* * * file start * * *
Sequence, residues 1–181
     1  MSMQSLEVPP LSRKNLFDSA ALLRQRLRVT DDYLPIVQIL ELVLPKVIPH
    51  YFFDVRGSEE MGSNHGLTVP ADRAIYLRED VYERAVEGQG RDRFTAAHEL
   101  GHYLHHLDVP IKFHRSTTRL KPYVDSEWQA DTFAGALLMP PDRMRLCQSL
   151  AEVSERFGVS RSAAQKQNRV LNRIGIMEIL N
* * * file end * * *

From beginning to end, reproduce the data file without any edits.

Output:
Sequence, residues 1–181
     1  MSMQSLEVPP LSRKNLFDSA ALLRQRLRVT DDYLPIVQIL ELVLPKVIPH
    51  YFFDVRGSEE MGSNHGLTVP ADRAIYLRED VYERAVEGQG RDRFTAAHEL
   101  GHYLHHLDVP IKFHRSTTRL KPYVDSEWQA DTFAGALLMP PDRMRLCQSL
   151  AEVSERFGVS RSAAQKQNRV LNRIGIMEIL N